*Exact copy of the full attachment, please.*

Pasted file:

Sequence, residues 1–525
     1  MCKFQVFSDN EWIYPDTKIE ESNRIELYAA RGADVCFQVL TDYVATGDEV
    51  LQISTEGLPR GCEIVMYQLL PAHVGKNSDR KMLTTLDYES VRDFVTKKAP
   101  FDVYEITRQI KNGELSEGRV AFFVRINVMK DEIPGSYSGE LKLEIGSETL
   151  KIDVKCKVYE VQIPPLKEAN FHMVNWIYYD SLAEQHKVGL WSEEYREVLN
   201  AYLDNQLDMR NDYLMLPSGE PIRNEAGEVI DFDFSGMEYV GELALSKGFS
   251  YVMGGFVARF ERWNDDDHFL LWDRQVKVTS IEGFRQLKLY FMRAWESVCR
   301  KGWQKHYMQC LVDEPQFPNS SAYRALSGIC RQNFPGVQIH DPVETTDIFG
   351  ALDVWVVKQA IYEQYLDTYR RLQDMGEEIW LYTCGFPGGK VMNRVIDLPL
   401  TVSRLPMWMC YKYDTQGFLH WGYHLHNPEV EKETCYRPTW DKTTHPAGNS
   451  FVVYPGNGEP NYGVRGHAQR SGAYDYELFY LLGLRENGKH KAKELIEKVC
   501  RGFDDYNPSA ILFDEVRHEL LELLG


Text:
Sequence, residues 1–525
     1  MCKFQVFSDN EWIYPDTKIE ESNRIELYAA RGADVCFQVL TDYVATGDEV
    51  LQISTEGLPR GCEIVMYQLL PAHVGKNSDR KMLTTLDYES VRDFVTKKAP
   101  FDVYEITRQI KNGELSEGRV AFFVRINVMK DEIPGSYSGE LKLEIGSETL
   151  KIDVKCKVYE VQIPPLKEAN FHMVNWIYYD SLAEQHKVGL WSEEYREVLN
   201  AYLDNQLDMR NDYLMLPSGE PIRNEAGEVI DFDFSGMEYV GELALSKGFS
   251  YVMGGFVARF ERWNDDDHFL LWDRQVKVTS IEGFRQLKLY FMRAWESVCR
   301  KGWQKHYMQC LVDEPQFPNS SAYRALSGIC RQNFPGVQIH DPVETTDIFG
   351  ALDVWVVKQA IYEQYLDTYR RLQDMGEEIW LYTCGFPGGK VMNRVIDLPL
   401  TVSRLPMWMC YKYDTQGFLH WGYHLHNPEV EKETCYRPTW DKTTHPAGNS
   451  FVVYPGNGEP NYGVRGHAQR SGAYDYELFY LLGLRENGKH KAKELIEKVC
   501  RGFDDYNPSA ILFDEVRHEL LELLG